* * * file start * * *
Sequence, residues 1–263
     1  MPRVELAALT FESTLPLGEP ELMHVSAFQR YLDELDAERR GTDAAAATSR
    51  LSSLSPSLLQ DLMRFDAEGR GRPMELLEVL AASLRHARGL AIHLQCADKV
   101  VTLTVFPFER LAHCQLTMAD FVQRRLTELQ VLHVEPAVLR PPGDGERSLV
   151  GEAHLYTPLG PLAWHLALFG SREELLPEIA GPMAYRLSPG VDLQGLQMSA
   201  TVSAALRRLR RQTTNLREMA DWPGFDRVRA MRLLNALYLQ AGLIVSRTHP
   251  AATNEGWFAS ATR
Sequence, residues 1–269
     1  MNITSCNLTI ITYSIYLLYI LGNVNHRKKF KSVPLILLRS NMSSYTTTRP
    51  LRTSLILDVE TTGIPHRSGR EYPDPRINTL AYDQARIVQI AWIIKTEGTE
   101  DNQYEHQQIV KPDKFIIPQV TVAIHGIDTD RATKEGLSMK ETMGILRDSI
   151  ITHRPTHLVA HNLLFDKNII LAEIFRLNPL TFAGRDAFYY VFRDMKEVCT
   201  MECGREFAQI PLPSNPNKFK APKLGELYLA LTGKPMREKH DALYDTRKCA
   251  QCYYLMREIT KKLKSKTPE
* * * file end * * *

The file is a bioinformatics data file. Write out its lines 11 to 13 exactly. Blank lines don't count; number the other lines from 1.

   101  DNQYEHQQIV KPDKFIIPQV TVAIHGIDTD RATKEGLSMK ETMGILRDSI
   151  ITHRPTHLVA HNLLFDKNII LAEIFRLNPL TFAGRDAFYY VFRDMKEVCT
   201  MECGREFAQI PLPSNPNKFK APKLGELYLA LTGKPMREKH DALYDTRKCA